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For those tonearm burn in scenarios where you just can’t wait.
 

ehabheikal

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I have a theory on why some pay thousands for placebo products in the audiophile world.
I believe that such deniers of measurements are very weak in knowledge of science and maths.
 

fpitas

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I have a theory on why some pay thousands for placebo products in the audiophile world.
I believe that such deniers of measurements are very weak in knowledge of science and maths.
I think that's a given, yes. But there are other factors. For example, wanting to believe that you have a superior system by virtue of cost. Exotic looks seem to count for a lot, too.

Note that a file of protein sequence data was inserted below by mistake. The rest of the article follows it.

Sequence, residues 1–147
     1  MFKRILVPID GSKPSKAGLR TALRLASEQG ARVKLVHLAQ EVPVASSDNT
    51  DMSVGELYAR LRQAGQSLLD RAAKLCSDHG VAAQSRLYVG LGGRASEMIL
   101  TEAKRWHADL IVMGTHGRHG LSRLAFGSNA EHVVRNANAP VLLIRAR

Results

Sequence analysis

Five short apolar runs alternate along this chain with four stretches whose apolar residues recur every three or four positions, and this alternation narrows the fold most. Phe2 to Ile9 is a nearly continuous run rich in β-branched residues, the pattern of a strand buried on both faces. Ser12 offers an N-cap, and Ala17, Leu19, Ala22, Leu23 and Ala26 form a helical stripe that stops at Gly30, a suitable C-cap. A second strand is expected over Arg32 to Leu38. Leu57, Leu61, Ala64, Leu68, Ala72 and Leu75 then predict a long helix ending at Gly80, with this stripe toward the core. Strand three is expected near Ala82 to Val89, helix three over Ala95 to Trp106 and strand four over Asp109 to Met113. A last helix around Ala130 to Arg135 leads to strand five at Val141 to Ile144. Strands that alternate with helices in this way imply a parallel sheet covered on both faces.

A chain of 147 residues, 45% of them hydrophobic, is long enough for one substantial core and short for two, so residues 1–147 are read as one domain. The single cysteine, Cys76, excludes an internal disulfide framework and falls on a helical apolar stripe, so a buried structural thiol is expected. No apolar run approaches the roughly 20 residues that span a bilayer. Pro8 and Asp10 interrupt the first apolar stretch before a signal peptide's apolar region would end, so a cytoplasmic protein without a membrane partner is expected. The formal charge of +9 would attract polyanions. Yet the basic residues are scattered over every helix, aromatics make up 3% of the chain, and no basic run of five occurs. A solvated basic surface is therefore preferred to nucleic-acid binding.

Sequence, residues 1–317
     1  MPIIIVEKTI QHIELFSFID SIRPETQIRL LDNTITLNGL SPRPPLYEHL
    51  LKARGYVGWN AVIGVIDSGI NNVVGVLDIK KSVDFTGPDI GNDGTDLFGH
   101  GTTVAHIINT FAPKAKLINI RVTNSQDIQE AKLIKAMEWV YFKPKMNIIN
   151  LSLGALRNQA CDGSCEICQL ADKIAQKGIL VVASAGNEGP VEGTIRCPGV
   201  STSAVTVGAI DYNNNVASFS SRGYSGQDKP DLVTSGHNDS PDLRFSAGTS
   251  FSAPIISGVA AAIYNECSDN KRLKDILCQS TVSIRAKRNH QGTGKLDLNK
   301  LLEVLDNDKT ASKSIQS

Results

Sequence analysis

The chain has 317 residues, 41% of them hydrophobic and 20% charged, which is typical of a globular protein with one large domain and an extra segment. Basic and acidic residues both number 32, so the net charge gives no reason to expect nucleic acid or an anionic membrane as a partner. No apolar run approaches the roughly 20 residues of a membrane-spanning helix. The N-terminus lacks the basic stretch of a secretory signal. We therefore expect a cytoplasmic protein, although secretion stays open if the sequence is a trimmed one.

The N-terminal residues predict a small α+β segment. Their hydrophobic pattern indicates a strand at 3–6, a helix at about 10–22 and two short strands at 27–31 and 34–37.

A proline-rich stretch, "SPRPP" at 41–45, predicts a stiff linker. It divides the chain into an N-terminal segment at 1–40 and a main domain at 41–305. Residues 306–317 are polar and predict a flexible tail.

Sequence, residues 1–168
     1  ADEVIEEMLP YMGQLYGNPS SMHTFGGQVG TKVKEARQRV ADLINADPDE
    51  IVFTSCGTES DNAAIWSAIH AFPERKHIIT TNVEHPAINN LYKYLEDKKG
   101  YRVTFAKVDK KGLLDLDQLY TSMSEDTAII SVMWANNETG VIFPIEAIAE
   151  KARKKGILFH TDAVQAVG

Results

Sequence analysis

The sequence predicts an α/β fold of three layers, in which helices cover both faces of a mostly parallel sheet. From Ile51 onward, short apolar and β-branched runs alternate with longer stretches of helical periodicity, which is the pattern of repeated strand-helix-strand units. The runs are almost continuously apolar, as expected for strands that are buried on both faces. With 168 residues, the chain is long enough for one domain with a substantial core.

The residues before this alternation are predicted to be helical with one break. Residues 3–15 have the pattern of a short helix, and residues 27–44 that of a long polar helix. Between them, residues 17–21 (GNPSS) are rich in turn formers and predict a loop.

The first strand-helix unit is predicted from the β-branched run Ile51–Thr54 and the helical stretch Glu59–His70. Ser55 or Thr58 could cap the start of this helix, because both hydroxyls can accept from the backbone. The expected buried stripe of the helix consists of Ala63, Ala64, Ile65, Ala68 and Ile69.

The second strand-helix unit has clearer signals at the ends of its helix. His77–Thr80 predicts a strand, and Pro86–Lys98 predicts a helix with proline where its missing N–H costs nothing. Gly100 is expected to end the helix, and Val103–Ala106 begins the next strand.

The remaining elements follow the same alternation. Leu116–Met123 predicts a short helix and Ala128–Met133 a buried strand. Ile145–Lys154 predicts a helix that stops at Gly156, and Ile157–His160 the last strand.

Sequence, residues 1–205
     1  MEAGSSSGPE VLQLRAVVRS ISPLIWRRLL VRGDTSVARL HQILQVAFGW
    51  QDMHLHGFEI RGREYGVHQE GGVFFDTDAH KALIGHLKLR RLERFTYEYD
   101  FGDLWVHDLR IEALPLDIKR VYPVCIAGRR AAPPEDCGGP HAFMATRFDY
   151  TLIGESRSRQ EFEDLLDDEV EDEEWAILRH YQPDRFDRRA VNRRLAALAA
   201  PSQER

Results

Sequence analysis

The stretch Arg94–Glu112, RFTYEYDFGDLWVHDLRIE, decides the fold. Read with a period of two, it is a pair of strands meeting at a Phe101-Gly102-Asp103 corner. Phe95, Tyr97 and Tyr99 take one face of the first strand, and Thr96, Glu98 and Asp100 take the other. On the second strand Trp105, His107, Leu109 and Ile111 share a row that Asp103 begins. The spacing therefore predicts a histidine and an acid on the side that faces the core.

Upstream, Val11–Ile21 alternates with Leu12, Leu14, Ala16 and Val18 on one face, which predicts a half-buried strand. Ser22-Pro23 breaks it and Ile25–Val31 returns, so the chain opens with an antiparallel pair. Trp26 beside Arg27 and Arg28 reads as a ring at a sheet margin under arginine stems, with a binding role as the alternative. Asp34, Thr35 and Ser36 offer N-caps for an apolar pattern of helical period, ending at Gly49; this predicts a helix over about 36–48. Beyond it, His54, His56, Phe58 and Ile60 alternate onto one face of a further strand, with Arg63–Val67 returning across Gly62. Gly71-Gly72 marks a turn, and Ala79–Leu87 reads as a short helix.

ehabheikal

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I think that's a given, yes. But there are other factors. For example, wanting to believe that you have a superior system by virtue of cost. Exotic looks seem to count for a lot, too.
Valid point.
 

Blumlein 88

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I have a theory on why some pay thousands for placebo products in the audiophile world.
I believe that such deniers of measurements are very weak in knowledge of science and maths.
I disagree. Plenty who should know better, who aren't weak in science or math get sucked into the same situation. All humans are susceptible to such behavior under the right circumstances.